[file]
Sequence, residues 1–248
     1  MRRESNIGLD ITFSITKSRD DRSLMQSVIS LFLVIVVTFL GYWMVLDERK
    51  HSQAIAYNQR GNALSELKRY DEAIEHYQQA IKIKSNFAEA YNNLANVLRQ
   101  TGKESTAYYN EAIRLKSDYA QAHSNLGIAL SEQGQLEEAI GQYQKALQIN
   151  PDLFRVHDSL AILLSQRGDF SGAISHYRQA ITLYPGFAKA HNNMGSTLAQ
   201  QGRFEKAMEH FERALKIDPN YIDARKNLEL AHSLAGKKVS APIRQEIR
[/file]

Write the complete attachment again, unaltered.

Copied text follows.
Sequence, residues 1–248
     1  MRRESNIGLD ITFSITKSRD DRSLMQSVIS LFLVIVVTFL GYWMVLDERK
    51  HSQAIAYNQR GNALSELKRY DEAIEHYQQA IKIKSNFAEA YNNLANVLRQ
   101  TGKESTAYYN EAIRLKSDYA QAHSNLGIAL SEQGQLEEAI GQYQKALQIN
   151  PDLFRVHDSL AILLSQRGDF SGAISHYRQA ITLYPGFAKA HNNMGSTLAQ
   201  QGRFEKAMEH FERALKIDPN YIDARKNLEL AHSLAGKKVS APIRQEIR